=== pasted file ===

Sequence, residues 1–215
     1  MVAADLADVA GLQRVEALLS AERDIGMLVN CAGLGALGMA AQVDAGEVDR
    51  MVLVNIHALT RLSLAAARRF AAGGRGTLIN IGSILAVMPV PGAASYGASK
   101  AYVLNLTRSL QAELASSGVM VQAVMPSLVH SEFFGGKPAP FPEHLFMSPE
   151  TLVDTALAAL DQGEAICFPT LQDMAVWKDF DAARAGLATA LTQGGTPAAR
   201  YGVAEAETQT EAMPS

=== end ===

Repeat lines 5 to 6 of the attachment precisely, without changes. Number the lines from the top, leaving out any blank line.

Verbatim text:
   151  TLVDTALAAL DQGEAICFPT LQDMAVWKDF DAARAGLATA LTQGGTPAAR
   201  YGVAEAETQT EAMPS